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Oct 10, 2022

The Hartford Whalers were a beloved hockey team from the​ moment of their founding in 1972 as the World Hockey Association's New England Whalers.
Playing in the National Hockey League’s smallest market and arena after the 1979 WHA merger/absorption/expansionthe Whalers struggled in a division that included both the Boston Bruins and Montreal Canadiens - but the club's fans were among the NHL’s most loyal. In 1995, new owners demanded a new arena - and when plans fell through, moved the team to Ralegh, North Carolina - where they became today's Carolina Hurricanes.
Astonishingly, the Whalers remain as popular as ever in their former home town and previous incarnation. Even though more than two decades have passed since Connecticut’s only professional sports team relocated, nobody has truly forgotten the teamits history, or its uniquely memorable (and still highly profitable) logo. And while the NHL continues to thrive without them, the Whalers' impact stretches far beyond the ice and into a still very-much-alive cultural phenomenon.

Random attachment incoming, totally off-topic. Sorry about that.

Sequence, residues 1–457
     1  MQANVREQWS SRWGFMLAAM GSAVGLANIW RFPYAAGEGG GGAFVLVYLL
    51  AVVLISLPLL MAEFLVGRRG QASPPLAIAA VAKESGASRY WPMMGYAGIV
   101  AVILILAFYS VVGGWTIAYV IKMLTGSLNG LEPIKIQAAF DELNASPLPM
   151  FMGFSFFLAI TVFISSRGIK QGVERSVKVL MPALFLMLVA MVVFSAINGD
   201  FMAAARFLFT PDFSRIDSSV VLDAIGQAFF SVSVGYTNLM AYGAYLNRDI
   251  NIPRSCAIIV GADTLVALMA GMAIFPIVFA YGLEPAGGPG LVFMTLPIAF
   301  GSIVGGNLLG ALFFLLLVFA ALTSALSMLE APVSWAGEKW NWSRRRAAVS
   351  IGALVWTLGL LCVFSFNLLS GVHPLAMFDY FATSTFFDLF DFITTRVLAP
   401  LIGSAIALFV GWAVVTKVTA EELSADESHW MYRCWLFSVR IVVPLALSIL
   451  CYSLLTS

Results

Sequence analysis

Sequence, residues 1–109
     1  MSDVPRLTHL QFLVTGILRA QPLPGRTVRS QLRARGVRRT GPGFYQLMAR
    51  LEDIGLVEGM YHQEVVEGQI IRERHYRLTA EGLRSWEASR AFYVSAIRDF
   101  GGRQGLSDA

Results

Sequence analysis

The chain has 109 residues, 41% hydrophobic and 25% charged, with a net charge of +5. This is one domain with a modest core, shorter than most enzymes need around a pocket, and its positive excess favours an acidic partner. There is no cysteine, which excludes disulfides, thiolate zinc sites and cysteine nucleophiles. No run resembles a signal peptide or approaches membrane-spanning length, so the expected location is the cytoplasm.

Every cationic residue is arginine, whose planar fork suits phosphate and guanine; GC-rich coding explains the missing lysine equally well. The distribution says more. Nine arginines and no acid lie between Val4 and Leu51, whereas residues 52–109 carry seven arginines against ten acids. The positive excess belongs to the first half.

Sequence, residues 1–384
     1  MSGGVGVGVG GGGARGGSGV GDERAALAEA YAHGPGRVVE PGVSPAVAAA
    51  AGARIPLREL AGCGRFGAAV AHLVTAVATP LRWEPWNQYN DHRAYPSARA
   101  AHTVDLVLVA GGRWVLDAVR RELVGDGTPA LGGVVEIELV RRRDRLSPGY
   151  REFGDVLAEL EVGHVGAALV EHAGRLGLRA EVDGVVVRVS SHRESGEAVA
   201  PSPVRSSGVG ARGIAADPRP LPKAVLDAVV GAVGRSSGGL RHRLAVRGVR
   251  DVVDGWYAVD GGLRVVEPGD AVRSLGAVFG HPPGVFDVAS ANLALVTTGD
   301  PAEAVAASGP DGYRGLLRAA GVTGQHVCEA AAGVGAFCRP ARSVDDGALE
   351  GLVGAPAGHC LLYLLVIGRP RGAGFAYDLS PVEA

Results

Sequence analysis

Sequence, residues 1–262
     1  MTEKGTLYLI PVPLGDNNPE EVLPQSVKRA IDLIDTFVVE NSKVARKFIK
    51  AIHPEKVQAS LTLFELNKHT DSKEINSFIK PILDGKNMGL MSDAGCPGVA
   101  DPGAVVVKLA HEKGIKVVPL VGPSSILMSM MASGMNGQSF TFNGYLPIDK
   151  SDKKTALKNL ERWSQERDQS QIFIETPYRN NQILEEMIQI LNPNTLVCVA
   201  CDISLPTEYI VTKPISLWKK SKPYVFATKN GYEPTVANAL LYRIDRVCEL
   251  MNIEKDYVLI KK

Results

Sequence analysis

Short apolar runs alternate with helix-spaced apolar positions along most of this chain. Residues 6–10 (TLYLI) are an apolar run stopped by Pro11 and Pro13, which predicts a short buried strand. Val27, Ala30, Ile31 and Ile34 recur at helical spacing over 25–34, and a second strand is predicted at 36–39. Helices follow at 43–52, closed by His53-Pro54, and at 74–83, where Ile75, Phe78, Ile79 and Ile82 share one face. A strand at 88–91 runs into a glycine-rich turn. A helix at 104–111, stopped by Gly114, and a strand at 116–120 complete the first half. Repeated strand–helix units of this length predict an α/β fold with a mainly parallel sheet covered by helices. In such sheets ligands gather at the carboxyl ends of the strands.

Boston Globe sportswriter Christopher Price ("Bleeding Green: A History of the Hartford Whalers") grew up in Connecticut as a diehard Whalers fan, experiencing firsthand the team’s bond with the community. Drawing from all aspects of the team’s past, he shares an uncensored history of ​the region’s still-favorite professional sports franchise.
PLUS: Listen for your chance to win a free copy of "Bleeding Green"!

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